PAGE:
Biden says Putin could use chemical, biological weapons in Ukraine
By Natalia Zinets and James Mackenzie
LVIV/KYIV, Ukraine (Reuters) - Ukraine's military warned the public on Tuesday of more indiscriminate Russian shelling from bogged-down Russian troops, and U.S. President Joe Biden issued his strongest warning yet that Russia is considering using chemical weapons.
Amid the devastation caused by Russia's unceasing bombardment of Ukrainian cities, President Volodymyr Zelenskiy highlighted the death of a 96-year-old survivor of Nazi concentration camps, killed in his flat by shelling in Kharkiv.
Nearly four weeks into their invasion, Russian troops have failed to capture any major Ukrainian city and have been halted on nearly all fronts, but are hammering residential districts with artillery, missiles and air strikes.
Russian forces were expected to continue to attack critical infrastructure with "high-precision weapons and indiscriminate munitions”, Ukraine's armed forces said in a statement.
Russia has been saying in recent weeks that Ukraine might possess chemical or biological weapons. Biden said those accusations were not merely false, but a sign that President Vladimir Putin might be planning to use such weapons himself.
"Now he's talking about new false flags he's setting up including, asserting that we in America have biological as well as chemical weapons in Europe, simply not true," Biden said at a business event on Monday. "They are also suggesting that Ukraine has biological and chemical weapons in Ukraine. That's a clear sign he's considering using both of those."
Putin calls the war, the biggest attack on a European state since World War Two, a "special military operation" to disarm Ukraine and protect it from "Nazis". The West calls that a false pretext for an unprovoked war of aggression.
In an address overnight, Zelenskiy drew attention to the death of Boris Romanchenko, a Holocaust survivor killed when his flat in besieged Kharkiv was shelled last week.
"Please think about how many things he has come through," said Zelenskiy. "But (he) was killed by a Russian strike, which hit an ordinary Kharkiv multi-storey building. With each day of this war, it becomes more obvious what 'denazification' means to them."
A memorial for the survivors of the Nazi concentration camp at Buchenwald said Romanchenko had served for many years as a vice president of the Buchenwald-Dora International Committee, devoting himself to documenting Nazi crimes. He had survived the Buchenwald, Dora-Mittelbau and Bergen-Belsen concentration camps in Germany during World War Two.
"We mourn the loss of a close friend," the memorial said.
In killing him, "Putin managed to 'accomplish' what even Hitler couldn't," Ukraine's Defence Ministry said on Twitter.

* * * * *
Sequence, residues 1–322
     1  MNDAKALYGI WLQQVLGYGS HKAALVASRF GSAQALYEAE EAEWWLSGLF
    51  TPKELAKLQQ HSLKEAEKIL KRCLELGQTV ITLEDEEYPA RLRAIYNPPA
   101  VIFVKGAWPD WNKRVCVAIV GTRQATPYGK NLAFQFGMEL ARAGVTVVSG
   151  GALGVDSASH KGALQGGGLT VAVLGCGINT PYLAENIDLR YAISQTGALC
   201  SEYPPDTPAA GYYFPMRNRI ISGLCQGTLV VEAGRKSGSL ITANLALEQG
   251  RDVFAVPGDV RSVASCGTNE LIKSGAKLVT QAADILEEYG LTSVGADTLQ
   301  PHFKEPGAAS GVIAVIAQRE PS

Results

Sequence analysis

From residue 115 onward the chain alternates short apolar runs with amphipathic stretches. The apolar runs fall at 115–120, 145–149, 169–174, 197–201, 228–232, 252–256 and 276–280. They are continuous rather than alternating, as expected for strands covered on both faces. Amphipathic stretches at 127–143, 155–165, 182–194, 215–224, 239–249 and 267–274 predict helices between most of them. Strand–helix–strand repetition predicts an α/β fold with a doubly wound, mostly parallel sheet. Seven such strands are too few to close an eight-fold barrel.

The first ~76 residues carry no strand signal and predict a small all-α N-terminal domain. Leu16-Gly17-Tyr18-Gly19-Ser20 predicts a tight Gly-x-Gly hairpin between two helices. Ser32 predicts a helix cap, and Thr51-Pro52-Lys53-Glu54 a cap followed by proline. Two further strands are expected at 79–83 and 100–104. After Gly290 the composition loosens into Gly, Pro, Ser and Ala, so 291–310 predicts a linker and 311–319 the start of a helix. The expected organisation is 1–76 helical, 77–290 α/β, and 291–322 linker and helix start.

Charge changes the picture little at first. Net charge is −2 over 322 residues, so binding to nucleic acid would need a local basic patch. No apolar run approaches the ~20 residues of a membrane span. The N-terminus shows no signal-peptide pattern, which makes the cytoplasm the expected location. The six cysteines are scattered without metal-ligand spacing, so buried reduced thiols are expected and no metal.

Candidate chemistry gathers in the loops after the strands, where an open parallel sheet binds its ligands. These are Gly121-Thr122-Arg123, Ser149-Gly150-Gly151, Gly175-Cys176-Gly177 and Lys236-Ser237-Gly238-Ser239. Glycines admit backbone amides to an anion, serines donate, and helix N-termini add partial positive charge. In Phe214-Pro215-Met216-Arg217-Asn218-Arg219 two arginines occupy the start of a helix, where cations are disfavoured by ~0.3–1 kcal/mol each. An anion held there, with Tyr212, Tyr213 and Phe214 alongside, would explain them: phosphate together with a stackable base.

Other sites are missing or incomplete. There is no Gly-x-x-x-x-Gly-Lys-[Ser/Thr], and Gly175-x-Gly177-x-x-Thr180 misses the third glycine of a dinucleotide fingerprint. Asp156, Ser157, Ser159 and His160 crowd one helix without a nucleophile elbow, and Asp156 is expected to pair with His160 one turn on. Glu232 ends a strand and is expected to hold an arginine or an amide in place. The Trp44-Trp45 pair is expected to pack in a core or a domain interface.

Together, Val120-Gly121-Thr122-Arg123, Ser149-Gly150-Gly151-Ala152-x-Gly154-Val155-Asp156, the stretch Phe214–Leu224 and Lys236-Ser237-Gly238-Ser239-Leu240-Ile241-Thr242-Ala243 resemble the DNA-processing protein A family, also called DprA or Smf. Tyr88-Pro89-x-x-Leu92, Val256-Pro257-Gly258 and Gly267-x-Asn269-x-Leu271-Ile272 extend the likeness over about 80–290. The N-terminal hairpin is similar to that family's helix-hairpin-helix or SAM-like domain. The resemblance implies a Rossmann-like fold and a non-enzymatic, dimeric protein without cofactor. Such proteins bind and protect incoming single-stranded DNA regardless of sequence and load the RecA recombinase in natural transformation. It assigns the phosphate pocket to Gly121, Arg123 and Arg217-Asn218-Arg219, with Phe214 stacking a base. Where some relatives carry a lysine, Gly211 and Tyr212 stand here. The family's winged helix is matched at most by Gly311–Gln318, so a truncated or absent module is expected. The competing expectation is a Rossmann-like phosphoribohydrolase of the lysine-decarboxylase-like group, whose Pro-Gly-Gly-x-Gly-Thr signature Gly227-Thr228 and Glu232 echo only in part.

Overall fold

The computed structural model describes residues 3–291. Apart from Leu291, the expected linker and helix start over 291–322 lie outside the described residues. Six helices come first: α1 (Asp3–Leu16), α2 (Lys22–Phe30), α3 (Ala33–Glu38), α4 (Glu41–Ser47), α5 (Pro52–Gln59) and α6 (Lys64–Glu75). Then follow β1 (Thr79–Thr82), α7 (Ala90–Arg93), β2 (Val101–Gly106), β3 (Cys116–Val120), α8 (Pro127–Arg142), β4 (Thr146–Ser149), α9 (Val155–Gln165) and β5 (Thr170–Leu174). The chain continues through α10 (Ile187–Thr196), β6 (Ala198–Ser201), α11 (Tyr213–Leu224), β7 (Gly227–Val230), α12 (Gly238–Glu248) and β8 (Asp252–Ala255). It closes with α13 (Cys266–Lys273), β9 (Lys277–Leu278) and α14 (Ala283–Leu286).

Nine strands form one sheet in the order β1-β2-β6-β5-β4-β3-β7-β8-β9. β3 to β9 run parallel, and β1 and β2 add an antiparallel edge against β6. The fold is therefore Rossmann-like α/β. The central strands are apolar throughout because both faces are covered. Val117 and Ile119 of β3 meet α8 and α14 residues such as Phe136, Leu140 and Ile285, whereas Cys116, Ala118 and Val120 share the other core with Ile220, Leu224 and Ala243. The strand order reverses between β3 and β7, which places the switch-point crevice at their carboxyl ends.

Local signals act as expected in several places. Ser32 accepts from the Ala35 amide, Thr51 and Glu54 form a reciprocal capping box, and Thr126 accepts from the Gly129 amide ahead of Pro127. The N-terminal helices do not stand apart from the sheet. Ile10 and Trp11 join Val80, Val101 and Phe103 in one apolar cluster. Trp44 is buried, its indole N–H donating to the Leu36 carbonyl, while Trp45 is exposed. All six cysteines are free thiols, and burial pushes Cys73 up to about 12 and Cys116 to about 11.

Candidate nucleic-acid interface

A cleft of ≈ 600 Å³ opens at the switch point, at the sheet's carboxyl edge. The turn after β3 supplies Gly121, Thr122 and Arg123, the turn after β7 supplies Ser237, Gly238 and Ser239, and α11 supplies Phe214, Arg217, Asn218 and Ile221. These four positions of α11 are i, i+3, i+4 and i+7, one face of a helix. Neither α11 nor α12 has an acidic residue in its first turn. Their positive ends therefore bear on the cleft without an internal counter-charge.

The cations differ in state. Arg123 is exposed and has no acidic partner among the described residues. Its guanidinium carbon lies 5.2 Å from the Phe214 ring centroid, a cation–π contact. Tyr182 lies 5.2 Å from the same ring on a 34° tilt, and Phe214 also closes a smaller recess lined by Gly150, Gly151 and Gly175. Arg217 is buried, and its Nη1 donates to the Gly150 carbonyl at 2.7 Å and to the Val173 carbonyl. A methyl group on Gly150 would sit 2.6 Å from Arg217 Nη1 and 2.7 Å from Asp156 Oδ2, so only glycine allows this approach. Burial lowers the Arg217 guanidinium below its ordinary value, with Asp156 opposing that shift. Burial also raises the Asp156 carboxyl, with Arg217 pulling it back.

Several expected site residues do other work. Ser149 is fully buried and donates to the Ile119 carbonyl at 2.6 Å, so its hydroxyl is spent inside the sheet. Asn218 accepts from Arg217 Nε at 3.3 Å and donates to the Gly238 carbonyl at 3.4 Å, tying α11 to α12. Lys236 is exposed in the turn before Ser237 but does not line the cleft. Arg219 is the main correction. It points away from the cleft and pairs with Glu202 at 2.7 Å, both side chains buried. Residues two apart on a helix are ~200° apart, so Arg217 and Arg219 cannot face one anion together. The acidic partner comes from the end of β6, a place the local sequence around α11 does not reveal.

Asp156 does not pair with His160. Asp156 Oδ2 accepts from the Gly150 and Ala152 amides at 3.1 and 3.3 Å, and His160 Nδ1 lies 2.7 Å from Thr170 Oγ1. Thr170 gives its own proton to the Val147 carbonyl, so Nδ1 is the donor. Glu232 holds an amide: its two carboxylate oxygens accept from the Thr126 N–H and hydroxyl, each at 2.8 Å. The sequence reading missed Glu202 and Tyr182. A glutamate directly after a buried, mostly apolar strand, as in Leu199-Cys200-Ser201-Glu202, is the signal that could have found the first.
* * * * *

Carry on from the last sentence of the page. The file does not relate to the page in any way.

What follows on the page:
BIDEN TRIP TO EUROPE
Biden is due to travel to Europe this week for meetings with allied leaders to discuss tighter sanctions on Russia, on top of the unprecedented financial penalties already announced. he discussed Russia's "brutal" tactics in a call with European leaders on Monday, the White House said.
Russia's siege and bombardment of Ukrainian cities, in particular the southern port of Mariupol which has been encircled for weeks, is increasing pressure for action.
Sanctions have banished Russia from international commerce to a degree never before visited on such a large economy. But an exception has largely been carved out for Russian energy exports to Europe, its biggest oil and gas customer.
EU foreign ministers on Monday disagreed on whether and how to include energy in sanctions, with Germany saying the bloc was too dependent on Russian oil to impose an embargo.
The conflict has forced nearly a quarter of Ukraine's 44 million people from their homes, including more than 3.5 million refugees who have fled the country, half of them children, in one of the fastest exoduses ever recorded.
The city of Kharkiv came under increased artillery fire overnight, regional governor Oleh Synyehubov said in televised comments. The governor of the Zaporizhzhia region said buses evacuating civilians from front-line areas were hit by shelling on Monday and four children were wounded.
Serhiy Gaidai, governor of Luhansk, one of two eastern regions that Russia demands Ukraine cede to pro-Russian separatists, said the entire region was now being shelled.
"We are continuing to evacuate people for as long as we can," he said. "We see that ... the Russians' only goal is to destroy Ukraine."
On Monday, Ukraine rejected a Russian ultimatum to surrender Mariupol, where hundreds of thousands of civilians have been trapped under constant bombardment, with no access to food, heat, power or water for weeks.
A part of Mariupol now held by Russian forces, reached by Reuters on Sunday, was an eerie wasteland. Several bodies wrapped in blankets lay by a road. Windows were blasted out and walls were charred black. People who came out of basements sat on benches amid the debris, bundled up in coats.
A group of men were digging a grave in a patch of grass by the roadside.
(Reporting by Reuters bureaus; Writing by Stephen Coates and Peter Graff; Editing by Michael Perry, Robert Birsel and Mark Heinrich)
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